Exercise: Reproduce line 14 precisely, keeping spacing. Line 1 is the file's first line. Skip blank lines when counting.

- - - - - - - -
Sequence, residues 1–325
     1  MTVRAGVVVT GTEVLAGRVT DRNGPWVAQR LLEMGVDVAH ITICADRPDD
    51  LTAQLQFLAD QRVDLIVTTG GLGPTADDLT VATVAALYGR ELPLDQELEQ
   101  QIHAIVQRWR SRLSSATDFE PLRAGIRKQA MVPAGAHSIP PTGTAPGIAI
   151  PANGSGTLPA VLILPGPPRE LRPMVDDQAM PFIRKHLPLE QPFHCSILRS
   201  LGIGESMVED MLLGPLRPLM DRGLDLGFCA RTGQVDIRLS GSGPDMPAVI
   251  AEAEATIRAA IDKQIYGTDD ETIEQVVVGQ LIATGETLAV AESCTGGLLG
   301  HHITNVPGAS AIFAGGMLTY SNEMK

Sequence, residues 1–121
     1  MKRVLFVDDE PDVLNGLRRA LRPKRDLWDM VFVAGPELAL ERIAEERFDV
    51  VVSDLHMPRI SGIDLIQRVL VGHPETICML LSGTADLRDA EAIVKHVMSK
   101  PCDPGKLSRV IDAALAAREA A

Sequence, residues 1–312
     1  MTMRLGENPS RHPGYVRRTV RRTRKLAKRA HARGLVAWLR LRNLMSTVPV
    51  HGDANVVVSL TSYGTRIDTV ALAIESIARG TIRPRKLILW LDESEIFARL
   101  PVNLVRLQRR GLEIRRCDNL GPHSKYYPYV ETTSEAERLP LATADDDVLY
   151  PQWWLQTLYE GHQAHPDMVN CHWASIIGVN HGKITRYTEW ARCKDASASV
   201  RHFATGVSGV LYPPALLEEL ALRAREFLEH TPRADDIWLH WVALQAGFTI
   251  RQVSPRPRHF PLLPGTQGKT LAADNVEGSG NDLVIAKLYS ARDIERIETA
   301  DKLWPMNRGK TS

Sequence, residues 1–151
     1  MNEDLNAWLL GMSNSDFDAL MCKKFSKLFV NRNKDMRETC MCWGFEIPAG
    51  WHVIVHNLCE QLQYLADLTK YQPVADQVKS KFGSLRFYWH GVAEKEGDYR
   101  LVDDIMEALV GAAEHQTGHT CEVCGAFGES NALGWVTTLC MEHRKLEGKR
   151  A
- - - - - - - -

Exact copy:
     1  MTMRLGENPS RHPGYVRRTV RRTRKLAKRA HARGLVAWLR LRNLMSTVPV